Mompreneurship is on fire right now. And for good reason. We live in a day and age where women are encouraged to be just as educated as their male peers and can begin to climb whatever corporate ladder they so desire. However, there are still many women who long to be stay at home moms. For me, it was always a dream of mine to be a mom. When I came up with the idea of becoming an auctioneer, I saw it as an opportunity to work for myself, set my own schedule and stay home with my kids while also having a career to call my own. And that's exactly what happened.
Creating a healthy work/life balance as a mompreneur does not come naturally. It is a strategic decision.
1. Decide what your priorities are and do not waver.
My number one priority is that when my kids are awake and home with me, they have my full attention. This does not have to be your priority, your work/life goal could look different. Maybe you have older kids and you home school so you work when they work or whatever, but for me, I want to slow down and be in the moment with my kids when they are awake. I don't answer my phone when they are awake (ever actually, but more on that in the next step), I don't respond to emails or write content when I could be engaged with them.
I will say that now that my kids are getting a wee bit older and more independent, that sometimes they like to play by themselves, so if they are playing in a safe environment (meaning, no where near the knife block in the kitchen or at the top of the staircase), I just explain to them that mommy is going to do some work and if they need me, they should holler. If they come up to me with some imaginary pancakes, I immediately stop what I am doing and eat them and ask for more. It is so important to me that my children know they are a priority to me.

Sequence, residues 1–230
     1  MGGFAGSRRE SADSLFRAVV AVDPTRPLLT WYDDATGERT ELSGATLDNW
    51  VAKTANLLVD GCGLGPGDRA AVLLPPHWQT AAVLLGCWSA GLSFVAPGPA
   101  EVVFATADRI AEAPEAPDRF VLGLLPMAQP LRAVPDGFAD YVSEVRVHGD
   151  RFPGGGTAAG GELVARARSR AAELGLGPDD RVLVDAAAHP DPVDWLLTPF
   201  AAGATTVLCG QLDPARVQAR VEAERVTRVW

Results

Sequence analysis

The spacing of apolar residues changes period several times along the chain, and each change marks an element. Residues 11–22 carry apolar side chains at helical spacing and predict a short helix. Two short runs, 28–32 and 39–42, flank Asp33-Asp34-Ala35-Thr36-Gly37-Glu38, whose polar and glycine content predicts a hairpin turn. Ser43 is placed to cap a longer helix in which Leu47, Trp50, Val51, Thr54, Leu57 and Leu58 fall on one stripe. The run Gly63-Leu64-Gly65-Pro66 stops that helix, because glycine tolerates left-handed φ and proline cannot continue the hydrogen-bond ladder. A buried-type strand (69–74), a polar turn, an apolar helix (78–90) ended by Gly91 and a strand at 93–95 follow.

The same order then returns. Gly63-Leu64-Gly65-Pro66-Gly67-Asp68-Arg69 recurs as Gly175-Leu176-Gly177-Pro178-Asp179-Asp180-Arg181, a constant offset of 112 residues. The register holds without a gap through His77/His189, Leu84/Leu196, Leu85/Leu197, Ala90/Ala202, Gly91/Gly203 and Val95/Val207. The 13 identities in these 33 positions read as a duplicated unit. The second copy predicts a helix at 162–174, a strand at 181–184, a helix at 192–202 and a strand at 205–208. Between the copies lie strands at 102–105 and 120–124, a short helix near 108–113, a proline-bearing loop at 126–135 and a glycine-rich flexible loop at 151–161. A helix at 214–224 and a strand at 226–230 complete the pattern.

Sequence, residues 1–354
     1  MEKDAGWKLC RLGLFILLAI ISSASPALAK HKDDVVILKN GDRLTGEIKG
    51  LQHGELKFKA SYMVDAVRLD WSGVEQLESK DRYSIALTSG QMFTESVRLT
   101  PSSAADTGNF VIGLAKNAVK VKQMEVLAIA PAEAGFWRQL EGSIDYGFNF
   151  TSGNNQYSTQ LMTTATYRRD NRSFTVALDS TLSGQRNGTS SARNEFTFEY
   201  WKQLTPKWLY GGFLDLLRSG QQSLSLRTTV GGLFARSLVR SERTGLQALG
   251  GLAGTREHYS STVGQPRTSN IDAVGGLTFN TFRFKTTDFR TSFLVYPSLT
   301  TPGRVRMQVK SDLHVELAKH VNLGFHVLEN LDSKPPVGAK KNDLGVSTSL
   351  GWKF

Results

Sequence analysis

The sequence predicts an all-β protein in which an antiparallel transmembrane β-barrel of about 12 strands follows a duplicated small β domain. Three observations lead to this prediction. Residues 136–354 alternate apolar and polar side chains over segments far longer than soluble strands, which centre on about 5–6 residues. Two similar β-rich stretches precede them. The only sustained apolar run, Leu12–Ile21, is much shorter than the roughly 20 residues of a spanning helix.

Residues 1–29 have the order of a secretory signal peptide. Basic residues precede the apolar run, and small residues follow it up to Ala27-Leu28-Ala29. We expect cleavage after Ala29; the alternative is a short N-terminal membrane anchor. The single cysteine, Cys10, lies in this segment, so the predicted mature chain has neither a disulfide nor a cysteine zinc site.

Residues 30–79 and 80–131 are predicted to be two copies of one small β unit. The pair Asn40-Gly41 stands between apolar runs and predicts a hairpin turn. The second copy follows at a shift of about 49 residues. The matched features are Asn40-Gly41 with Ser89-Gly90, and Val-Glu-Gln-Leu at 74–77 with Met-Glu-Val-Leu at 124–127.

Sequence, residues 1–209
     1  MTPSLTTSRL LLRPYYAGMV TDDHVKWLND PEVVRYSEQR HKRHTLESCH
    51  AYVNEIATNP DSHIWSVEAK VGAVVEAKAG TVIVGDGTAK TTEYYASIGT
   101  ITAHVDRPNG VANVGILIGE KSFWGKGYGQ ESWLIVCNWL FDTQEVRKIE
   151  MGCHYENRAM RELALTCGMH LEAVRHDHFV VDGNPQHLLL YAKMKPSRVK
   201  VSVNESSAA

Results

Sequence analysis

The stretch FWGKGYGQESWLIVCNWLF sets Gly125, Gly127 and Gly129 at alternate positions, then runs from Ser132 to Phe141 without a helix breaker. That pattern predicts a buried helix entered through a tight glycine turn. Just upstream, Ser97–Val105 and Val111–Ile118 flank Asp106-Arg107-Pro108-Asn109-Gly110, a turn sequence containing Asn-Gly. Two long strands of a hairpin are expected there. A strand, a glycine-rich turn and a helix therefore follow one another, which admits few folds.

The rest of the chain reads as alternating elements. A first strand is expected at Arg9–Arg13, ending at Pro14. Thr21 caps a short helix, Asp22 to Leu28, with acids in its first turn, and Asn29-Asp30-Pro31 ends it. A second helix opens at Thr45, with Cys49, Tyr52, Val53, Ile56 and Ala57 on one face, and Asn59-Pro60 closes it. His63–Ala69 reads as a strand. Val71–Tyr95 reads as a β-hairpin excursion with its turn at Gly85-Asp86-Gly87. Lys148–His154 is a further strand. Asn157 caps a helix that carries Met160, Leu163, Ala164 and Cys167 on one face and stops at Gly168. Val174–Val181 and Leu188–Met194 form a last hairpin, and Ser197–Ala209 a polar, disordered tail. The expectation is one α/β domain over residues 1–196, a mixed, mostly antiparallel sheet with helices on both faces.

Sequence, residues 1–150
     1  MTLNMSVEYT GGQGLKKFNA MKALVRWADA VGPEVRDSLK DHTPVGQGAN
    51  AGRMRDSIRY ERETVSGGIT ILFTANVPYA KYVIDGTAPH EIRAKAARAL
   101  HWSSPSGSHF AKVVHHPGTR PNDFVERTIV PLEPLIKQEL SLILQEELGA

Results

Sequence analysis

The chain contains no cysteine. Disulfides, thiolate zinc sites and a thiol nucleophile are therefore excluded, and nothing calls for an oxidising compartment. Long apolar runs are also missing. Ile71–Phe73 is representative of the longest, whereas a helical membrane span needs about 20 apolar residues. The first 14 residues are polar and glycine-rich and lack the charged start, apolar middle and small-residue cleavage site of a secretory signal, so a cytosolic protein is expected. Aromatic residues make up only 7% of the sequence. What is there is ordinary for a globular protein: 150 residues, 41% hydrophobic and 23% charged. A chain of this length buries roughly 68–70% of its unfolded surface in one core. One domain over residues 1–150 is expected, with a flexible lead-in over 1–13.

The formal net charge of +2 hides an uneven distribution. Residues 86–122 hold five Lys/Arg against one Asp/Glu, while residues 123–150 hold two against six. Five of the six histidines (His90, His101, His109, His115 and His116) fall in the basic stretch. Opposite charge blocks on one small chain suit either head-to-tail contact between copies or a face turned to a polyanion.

What is the most important to you? Not just in your business, but in your life.
2. Set boundaries
You are in control of your time and business processes. This took me a long time to figure out. I am a people pleaser, so I would schedule meetings whenever worked for the client or emcee events as a part of my services (turns out I'm a crappy emcee but phenomenal auctioneer). Every time I would compromise, it just turned out icky. So, I set up some processes and even put them flat on my website.
I do not have my phone number listed on my website. A savvy individual could probably find it with some minimal google searching, but for the most part, people have to email me to connect with me. I let them know they will hear a response within 24 hours to schedule a call. Then, I schedule a call where I call them. I'm fiercely punctual so I prefer to be the one doing the calling otherwise people waste my time.
I set these boundaries and expectations from the beginning so my clients know what to expect. If they are not happy with my process, I am confident we will not be a good fit to work together. Have you ever heard the phrase that the people who take 80% of your time only give you 20% of your revenue? Well, I'd rather take the 20% cut to have all that extra time back.
What processes could you set up in your business that would give you more control over your time and other valuable resources?
3. Be okay with not being the busiest (aka highest paid) person in your field
This is a big one for me. I have a hard time not being the most popular person. I should be used to it by now because never has there been a time in my life when I was the popular person, but a girl can still wish.